There is a legend that Javor's lover, a woman, also committed suicide while listening to "Gloomy Sunday" and that her suicide note only contained the words "Gloomy Sunday". This is said to have led Javor to understand the pain and meaning of the song, and to have motivated him and Seress to collaborate with singer Pal Kalmer to create a final version of the song in 1935. The song is said to express the singer's wish to die and be reunited with his lover after her death, never to be separated again, in the words, "after his lover's death, the singer is asking his lover to join his own funeral. He wants to die so that their souls can come together to never separate again."
The most widely recognized version of "Gloomy Sunday" was originally recorded by Billy Holiday in 1941.
In 1936, the English version of "Gloomy Sunday" was first recorded by Hal Kemp, with lyrics translated by Sam M. Lewis. This version of the song directly encourages suicide. As news of multiple strange deaths linked to the song spread, it earned the nickname "Hungarian Suicide Song." The song's infamy grew as people became shocked by the apparent connection between the song and these deaths.
In the 1930s, reports indicate that over 19 people in America and Hungary committed suicide while listening to "Gloomy Sunday" with some sources claiming the number to be as high as 200. The police reportedly found suicide notes containing lyrics from the song in the pockets of all the victims
Some people believe that listening to "Gloomy Sunday" repeatedly can lead to a sense of hopelessness and an inclination towards suicide. There have even been reports of people shooting themselves while listening to the song. Given these tragic events, many consider the song to be cursed.
Due to the increasing trend of suicide linked to the song, "Gloomy Sunday" was banned in Hungary. However, Hungary has one of the highest suicide rates in the world, with around 46 suicides per year. Despite the ban, the English version of the song, as sung by Bill Holiday, continued to be played on the radio.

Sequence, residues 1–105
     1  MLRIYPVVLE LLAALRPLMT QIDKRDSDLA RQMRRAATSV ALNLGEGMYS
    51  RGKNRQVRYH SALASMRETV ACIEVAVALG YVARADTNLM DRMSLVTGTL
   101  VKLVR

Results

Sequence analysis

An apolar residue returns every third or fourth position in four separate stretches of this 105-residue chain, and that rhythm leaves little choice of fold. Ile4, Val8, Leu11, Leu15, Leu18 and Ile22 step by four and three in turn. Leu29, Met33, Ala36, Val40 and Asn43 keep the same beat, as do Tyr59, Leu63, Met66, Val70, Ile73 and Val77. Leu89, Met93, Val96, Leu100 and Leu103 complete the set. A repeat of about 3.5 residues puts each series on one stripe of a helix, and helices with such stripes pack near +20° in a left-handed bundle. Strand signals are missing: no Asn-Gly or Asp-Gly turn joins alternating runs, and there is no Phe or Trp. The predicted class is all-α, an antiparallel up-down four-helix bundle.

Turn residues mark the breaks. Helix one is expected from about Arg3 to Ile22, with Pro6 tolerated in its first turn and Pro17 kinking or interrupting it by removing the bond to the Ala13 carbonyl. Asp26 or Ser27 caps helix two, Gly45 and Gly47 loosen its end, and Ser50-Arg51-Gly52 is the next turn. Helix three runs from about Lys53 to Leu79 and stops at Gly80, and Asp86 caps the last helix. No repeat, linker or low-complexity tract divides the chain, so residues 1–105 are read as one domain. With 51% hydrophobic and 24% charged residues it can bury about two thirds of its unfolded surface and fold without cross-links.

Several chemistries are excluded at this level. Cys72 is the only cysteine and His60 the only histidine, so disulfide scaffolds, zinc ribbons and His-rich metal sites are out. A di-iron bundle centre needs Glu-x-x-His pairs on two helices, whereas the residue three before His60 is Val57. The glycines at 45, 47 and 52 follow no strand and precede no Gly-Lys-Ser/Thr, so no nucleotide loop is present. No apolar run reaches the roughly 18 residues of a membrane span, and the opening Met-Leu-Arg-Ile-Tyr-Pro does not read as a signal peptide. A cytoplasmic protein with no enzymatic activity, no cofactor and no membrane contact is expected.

In the 1940s, the BBC radio channel decided to only play an instrumental version of the song, as they believed that even if it did not directly incite suicide, it could inspire people to go to war. This led to the removal of Billy Holiday's version of "Gloomy Sunday" from all broadcasts. The ban was lifted in 2002 after more than six decades
While it is unclear whether the song was directly responsible, 35 years after the composition of "Gloomy Sunday," Rezso Seress, the song's writer, committed suicide by jumping from the roof of his four-story apartment in 1968. The reason why so many people were lured to their deaths by the song remains a mystery, leaving behind many eerie questions that have yet to be properly answered.
Gloomy Sunday In Modern Cultures
However, the fascination with the cursed "Gloomy Sunday" song continues, with multiple artists such as Elvis Costello, Heather Nova, Ginman Eivor, Sarah McLachlan, and others recording new versions of the song in recent times
In 1999, director Rolf Schübel made a film based on the "Gloomy Sunday" song, depicting the Nazi persecution of Jews, a love triangle with tragic consequences and blending historical fact with fiction.
Enjoy music, books, and movies, but never consider suicide as a solution. It's a cowardly act that won't solve your problems. Remember that what seems hard today may be easy tomorrow. Just be patient and wait for a better tomorrow.